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A briskly paced hybrid ofBoogie NightsandGoodfellas,Blowchronicles the three-decade rise and fall of George Jung (Johnny Depp), a normal American kid who makes a personal vow against poverty, builds a marijuana empire in the '60s, multiplies his fortune with the Colombian Medellín cocaine cartel, and blows it all with a series of police busts culminating in one final, long-term jail sentence. "Your dad's a loser," says this absentee father to his estranged but beloved daughter, and he's right:Blowis the story of a nice guy who made wrong choices all his life, almost single-handedly created the American cocaine trade, and got exactly what he deserved. As directed by Ted Demme, the film is vibrantly entertaining, painstakingly authentic... and utterly aimless in terms of overall purpose.
We can't sympathize with Jung's meteoric rise to wealth and the wild life, and Demme isn't suggesting that we should idolize a drug dealer. So what, exactly, is the point ofBlow? Simply, it seems, to present Jung's story as the epitome of the coke-driven glory days, and to suggest, ever so subtly, that Jung isn't such a bad guy, after all. Anyone curious about his lifestyle will find this film amazing, and there's plenty of humor mixed with the constant threat of violence and paranoid anxiety. Demme has also populated the film with a fantastic supporting cast (although Penélope Cruz grows tiresome as Jung's hedonistic wife), and this is certainly a compelling look at the other side ofTraffic. Still, one wishes thatBlowhad a more viable reason for being; like a wild party, it leaves you with a hangover and a vague feeling of regret.--Jeff Shannon
Johnny Depp at the top of his game! Of all the movies that I've seen Johnny Depp in, this by far is his best work to date. He portrays George Jung so perfectly. He should have gotten Oscar consideration for this part. You also have excellent performances from other actors such as Jordi Molla, Ray Liotta, and Penelope Cruz. Blow is the pursuit of The American Dream gone terribly wrong. It's so well made yet very depressing. This is a very powerful motion picture with strong performances all-around. A must buy for your movie collection!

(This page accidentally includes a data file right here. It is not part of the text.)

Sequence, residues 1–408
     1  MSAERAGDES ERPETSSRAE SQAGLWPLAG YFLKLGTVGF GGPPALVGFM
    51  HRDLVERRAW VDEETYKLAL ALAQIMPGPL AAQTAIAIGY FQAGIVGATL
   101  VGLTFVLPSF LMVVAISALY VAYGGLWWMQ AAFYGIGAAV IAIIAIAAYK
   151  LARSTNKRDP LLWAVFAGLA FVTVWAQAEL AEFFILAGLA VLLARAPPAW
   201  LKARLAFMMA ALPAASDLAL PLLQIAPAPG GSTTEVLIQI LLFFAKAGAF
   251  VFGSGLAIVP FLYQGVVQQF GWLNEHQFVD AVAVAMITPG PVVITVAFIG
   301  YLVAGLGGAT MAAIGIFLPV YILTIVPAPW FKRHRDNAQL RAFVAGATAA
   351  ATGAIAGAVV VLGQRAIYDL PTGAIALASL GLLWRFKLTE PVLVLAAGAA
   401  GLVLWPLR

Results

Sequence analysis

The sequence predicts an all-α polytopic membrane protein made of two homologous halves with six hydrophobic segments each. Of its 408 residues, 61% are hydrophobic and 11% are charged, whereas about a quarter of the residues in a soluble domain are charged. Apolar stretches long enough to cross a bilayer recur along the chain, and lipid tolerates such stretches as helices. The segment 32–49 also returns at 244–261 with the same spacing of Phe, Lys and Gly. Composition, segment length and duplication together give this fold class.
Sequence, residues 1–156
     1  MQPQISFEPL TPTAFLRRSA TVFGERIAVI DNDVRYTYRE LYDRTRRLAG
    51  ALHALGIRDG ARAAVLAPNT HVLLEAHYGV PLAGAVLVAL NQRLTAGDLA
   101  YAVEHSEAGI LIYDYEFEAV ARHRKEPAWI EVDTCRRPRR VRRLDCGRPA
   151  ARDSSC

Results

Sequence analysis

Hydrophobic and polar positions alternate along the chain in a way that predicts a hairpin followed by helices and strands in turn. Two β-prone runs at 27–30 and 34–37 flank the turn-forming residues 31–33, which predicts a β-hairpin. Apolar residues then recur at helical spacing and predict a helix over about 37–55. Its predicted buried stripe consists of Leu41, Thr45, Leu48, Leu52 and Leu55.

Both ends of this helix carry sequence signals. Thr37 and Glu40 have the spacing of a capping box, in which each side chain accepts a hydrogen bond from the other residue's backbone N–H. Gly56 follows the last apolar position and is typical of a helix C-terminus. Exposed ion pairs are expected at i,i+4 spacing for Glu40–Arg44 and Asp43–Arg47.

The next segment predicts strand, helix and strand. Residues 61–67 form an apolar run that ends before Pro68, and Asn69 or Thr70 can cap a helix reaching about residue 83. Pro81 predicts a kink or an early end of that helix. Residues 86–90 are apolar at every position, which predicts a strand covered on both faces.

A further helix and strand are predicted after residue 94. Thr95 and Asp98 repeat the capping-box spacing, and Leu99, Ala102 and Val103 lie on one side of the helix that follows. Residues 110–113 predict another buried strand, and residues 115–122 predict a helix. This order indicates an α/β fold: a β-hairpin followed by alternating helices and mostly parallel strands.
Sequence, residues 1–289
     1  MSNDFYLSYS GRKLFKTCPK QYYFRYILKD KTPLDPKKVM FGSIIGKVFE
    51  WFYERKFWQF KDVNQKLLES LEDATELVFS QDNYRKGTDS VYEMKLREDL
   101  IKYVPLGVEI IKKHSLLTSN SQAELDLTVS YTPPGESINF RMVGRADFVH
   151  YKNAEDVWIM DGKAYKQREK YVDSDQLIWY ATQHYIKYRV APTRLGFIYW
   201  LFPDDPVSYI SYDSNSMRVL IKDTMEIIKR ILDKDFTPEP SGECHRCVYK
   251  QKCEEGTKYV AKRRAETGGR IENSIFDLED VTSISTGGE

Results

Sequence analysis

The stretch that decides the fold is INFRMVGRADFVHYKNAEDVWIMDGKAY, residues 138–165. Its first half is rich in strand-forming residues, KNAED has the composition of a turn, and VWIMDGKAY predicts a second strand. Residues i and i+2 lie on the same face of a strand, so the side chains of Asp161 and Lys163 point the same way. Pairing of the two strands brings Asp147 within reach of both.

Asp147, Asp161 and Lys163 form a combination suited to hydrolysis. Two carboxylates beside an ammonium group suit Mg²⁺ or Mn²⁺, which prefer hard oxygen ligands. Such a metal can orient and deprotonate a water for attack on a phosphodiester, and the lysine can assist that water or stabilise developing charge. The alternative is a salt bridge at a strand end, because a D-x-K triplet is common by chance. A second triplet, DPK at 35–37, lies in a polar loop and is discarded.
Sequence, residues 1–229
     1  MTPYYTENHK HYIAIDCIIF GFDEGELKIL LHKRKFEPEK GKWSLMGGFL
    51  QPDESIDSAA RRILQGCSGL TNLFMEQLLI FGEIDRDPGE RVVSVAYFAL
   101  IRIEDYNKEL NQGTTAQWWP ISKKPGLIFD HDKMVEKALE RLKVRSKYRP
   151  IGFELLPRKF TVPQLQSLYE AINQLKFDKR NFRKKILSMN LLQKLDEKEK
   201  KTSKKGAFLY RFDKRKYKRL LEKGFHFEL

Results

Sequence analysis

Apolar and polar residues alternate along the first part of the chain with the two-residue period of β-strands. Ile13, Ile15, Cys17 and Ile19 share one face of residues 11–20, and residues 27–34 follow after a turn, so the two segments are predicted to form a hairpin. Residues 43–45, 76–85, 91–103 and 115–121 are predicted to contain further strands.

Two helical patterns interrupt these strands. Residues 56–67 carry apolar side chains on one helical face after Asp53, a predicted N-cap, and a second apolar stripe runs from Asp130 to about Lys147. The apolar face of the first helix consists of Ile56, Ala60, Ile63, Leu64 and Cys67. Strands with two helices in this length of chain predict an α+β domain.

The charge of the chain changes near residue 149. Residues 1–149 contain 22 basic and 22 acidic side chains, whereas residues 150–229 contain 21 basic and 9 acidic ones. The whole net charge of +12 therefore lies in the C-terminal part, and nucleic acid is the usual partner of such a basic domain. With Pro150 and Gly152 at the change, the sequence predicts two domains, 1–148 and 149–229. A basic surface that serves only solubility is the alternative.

Great movie, terrible quality. This is my first time buying an "Infini-film" product and was discusted. The DVD skipped durring every chapter transition. I duno if anybody else had this problem but Blow only comes produced by this company so I guess I'll deal with it. I have a brand new DVD player that plays all other DVDs perfectly, except this one. On another note, the movie is great, Liota, Depp and Cruz at thier best. I give it a 4 because it is a high quality film but on a low quality DVD.George Jung: criminal or hero? George Jung is not your typical drug lord. And Blow is not your typical drug-bust movie. This film neither glorifies nor criticizes drugs; it simply shows you the rise and fall of a drug lord's empire. Although it still condones the idea that "if you deal drugs, it won't end well," you can't help but like George Jung, the main character.